It was the second time Sherrock has registered six perfect darts in this tournament – she was unable to record the perfect leg but an 11-darter saw her square the set and force a decider, where she capitalised on three expensive misses from Suljovic to pin double 16 and regain her lead.
Remarkably this was the third consecutive set which had been won by a player coming from 2-0 down, although that pattern came to a close in the fourth, as the pair traded breaks with the tension palpable.
The Austrian had the darts in set four but after Sherrock sank another clutch 68 combination on double 16, the former World Matchplay finalist was forced to throw to save his skin in this year’s showpiece.
Suljovic – despite his unorthodox approach, is renowned for being one of the world’s best under intense scrutiny, yet with the Ally Pally crowd sensing another shock of seismic proportions, the Austrian buckled.
Suljovic landed a maximum out of nowhere but could only leave 79 after 15 darts following a litany of stray visits, whilst Sherrock found a couple of priceless trebles to set herself up on 86.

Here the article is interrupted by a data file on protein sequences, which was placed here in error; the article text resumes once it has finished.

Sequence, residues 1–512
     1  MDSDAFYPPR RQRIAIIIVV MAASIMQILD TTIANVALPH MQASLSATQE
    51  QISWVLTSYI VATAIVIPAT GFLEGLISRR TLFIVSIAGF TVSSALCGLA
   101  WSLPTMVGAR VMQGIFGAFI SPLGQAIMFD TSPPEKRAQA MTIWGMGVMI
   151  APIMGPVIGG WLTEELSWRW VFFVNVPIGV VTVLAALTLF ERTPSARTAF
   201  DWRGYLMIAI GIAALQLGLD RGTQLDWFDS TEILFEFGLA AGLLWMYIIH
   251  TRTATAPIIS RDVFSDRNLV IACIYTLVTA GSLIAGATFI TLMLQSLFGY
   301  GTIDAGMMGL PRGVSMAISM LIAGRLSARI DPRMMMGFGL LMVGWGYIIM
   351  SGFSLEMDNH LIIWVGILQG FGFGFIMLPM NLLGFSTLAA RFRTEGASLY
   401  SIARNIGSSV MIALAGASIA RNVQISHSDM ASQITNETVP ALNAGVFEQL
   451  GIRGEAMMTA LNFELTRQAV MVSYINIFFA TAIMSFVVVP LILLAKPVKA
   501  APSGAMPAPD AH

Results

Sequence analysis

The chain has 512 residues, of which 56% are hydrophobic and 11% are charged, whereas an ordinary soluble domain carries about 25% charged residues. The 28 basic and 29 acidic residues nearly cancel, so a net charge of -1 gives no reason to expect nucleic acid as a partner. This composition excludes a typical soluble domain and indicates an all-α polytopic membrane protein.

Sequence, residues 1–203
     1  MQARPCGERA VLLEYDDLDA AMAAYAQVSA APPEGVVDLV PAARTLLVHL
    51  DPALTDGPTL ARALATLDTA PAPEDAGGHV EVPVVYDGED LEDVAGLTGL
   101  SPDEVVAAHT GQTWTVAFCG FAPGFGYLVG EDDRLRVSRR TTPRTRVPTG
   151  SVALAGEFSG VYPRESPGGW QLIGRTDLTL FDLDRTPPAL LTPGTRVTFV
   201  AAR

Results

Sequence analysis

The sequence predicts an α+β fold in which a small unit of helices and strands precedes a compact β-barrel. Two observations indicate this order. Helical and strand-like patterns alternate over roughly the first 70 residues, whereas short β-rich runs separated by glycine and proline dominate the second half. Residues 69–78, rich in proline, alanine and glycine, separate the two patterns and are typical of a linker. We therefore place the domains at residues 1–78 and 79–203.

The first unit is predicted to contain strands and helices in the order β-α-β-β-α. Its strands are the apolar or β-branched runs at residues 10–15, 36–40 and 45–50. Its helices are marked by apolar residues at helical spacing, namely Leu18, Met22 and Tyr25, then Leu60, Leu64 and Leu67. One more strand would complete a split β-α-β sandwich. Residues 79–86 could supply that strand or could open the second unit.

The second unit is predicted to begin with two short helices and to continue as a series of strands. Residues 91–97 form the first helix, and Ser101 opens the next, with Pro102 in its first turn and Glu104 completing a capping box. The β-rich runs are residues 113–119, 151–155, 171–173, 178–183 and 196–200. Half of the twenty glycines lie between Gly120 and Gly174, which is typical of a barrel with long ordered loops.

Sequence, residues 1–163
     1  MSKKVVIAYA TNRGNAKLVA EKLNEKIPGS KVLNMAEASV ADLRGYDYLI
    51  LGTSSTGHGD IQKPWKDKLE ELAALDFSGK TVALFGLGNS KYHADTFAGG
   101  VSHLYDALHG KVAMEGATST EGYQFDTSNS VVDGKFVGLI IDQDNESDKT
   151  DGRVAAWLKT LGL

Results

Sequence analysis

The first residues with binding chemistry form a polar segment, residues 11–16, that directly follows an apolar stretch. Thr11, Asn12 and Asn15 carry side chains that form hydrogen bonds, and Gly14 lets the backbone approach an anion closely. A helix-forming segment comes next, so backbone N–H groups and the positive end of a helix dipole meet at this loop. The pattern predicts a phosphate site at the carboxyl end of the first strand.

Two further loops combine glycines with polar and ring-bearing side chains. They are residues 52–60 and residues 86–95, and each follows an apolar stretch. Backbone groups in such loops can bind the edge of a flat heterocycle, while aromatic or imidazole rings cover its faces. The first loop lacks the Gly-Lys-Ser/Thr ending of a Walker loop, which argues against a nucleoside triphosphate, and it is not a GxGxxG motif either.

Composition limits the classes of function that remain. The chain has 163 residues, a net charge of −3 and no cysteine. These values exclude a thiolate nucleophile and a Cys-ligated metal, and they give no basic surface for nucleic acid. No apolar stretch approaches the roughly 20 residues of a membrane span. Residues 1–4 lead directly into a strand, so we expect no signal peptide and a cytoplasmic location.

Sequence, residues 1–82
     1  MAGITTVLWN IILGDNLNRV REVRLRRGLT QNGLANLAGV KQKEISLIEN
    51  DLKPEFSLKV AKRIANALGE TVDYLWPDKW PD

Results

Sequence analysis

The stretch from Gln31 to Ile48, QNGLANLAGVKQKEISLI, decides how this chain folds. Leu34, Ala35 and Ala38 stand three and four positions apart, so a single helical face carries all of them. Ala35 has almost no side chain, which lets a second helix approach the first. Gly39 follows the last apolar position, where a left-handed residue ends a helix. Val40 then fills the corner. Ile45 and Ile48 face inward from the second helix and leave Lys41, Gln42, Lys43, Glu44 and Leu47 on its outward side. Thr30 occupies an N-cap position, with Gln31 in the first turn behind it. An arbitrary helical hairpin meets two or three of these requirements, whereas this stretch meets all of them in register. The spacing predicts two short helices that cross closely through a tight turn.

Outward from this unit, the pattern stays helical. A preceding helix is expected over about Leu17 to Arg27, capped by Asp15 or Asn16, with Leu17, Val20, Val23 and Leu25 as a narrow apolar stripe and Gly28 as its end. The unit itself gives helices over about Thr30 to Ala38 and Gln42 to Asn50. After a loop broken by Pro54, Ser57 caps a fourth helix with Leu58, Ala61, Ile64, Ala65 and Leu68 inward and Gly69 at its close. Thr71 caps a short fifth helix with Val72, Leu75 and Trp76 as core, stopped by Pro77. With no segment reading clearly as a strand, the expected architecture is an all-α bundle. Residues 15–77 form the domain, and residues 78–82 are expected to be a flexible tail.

‘The Gentle’ was first to a finish but he was unable to convert one dart at tops – a target that plagued him throughout the contest. Step forward Sherrock – she hit two single 18’s to give herself one dart at bull, and she delivered!
The roof almost came off the iconic venue as the 25-year-old, a 7/1 outsider for this match before a dart was thrown – completed one of the greatest World Championship shocks in sensational style.
“I can’t believe it,” said Sherrock, who will return on Friday December 27 to take on Chris Dobey in round three. “I’ve knocked out one of the best players in the world and it has given me the best feeling in the world.
“I was so happy when that bullseye went in. It was an amazing moment for me and I’ll be jumping around when I get home. I felt so comfortable and I really enjoyed it – I just want to get up there and play again.”
Sherrock’s win against Development Tour winner Evetts was hugely significant and the extensive media coverage illustrated that affirmation. However, this was off the darting Richter-scale.